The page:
The reforms are undoubtedly timely. Over the last year, the Victorian community has strongly felt the dire impact of family violence and have rightly demanded an improvement in justice system responses to victims. This bill responds to that call.

In particular, the aim of the new family violence jury directions, alongside revisions and simplification of self-defence law, is to open up this complete defence to those that have previously struggled to access it. Their struggles may have been due to limitations in community and legal understandings of what constitutes family violence and “reasonable” responses to it.

As Clark explained in parliament:

These jury directions will provide greater context for assessing claims of self-defence and assist to ensure that jurors in relevant cases have a better understanding of the dynamics of family violence. They will also assist to educate the community and legal profession about family violence. These reforms are an important measure for providing support to victims of family violence.

Consequently, while some family violence advocates and scholars have expressed concern as to what effect the abolition of defensive homicide will have on persons who kill in the context of family violence, the intention of the reforms is certainly not to provide a “tough on crime” response to this vulnerable category of offender. Rather, it is to improve the way in which their experiences of violence are understood within the framework of the law.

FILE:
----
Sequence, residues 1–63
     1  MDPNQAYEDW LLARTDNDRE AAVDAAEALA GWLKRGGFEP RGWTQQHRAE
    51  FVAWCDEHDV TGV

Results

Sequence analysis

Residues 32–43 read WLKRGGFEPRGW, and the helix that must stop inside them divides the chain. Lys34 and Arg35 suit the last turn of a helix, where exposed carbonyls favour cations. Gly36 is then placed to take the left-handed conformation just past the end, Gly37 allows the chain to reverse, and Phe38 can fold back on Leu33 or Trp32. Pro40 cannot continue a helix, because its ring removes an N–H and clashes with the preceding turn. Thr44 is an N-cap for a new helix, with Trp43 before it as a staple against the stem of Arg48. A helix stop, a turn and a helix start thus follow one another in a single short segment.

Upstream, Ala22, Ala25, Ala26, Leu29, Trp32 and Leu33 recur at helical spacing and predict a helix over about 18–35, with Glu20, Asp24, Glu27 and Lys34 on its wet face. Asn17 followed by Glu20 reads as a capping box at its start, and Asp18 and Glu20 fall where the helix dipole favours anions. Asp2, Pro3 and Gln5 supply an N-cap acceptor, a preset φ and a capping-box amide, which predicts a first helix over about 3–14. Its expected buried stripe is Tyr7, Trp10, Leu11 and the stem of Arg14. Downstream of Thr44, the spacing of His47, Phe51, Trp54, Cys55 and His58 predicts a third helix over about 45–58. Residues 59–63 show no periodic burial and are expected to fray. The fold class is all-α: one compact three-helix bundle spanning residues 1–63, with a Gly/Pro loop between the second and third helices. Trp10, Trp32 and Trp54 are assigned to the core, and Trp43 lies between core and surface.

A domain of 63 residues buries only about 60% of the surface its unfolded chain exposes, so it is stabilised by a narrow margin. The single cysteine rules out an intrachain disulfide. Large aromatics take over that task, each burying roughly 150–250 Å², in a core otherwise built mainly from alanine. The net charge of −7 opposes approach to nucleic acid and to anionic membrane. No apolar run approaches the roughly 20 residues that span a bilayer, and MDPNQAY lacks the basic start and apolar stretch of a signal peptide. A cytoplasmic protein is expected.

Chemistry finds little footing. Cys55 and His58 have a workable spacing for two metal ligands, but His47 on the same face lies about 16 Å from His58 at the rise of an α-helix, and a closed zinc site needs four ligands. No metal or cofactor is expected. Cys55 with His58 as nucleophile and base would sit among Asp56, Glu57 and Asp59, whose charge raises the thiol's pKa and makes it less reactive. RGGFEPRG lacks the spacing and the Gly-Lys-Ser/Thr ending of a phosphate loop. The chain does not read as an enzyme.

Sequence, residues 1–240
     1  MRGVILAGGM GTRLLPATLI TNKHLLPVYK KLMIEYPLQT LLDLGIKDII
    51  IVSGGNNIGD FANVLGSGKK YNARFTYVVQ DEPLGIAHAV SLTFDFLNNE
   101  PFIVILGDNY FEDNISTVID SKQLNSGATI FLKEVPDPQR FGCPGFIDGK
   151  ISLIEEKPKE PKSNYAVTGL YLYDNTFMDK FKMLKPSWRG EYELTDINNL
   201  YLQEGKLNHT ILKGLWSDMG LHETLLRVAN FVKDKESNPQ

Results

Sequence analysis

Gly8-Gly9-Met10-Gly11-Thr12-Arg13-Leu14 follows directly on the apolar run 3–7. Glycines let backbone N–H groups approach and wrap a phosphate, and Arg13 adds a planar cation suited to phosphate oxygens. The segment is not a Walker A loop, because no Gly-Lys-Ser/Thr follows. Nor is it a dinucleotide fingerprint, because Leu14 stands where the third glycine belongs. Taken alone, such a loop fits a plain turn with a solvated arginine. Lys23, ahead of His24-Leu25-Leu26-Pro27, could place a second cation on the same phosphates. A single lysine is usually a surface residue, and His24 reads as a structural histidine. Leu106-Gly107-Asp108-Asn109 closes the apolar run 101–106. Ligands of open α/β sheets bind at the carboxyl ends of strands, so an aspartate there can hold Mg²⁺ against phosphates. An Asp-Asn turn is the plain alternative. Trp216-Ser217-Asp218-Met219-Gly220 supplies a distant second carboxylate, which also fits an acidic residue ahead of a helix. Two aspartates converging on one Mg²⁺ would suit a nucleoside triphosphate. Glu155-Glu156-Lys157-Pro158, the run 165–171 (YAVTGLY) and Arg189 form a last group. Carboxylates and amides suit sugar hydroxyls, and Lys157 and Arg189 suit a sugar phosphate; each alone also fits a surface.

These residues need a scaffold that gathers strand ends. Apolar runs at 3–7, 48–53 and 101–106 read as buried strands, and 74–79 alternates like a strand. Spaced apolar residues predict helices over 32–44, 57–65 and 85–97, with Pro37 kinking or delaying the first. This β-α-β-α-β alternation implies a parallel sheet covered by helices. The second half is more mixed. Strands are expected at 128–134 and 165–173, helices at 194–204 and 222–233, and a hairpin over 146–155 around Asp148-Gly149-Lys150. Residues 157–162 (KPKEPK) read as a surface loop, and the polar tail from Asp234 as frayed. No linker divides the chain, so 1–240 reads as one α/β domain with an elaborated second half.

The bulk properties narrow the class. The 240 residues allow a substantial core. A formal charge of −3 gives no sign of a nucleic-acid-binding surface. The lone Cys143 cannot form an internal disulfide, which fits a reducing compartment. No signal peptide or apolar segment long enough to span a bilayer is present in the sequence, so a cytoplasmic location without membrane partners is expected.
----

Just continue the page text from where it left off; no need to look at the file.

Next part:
Another key feature of the bill is its desire to address improper evidence about homicide victims in contested trials. To do this, the bill introduces evidence reforms that allow for the exclusion of evidence that would “unnecessarily demean the deceased”.

Legal narratives that act to blame the deceased victim in homicide cases have continued to plague the Victorian criminal courts despite the abolition of the partial defence of provocation. This illustrates that reforming legal categories in itself may be insufficient in overcoming this problematic trend in Victorian criminal courts.

Protections against victim-blaming evidence serve an important purpose. It positions Victoria as the first Australian jurisdiction to illustrate such a commitment to ensure the just treatment of homicide victims throughout the court process. In commending the bill to parliament, Clark explained:

This reform is designed to reduce unjustifiable attacks on the character and reputation of the deceased during homicide proceedings. Victim-blaming has been a significant problem in the past, and can cause significant distress and trauma for the victim’s family and friends.

This will undoubtedly be a welcomed change for the families of homicide victims who for too long in contested trials have had to endure the blackening of their deceased loved ones character, without the obvious opportunity to counter any such evidence.

These are important reforms. The bill should be commended and implemented without hesitation.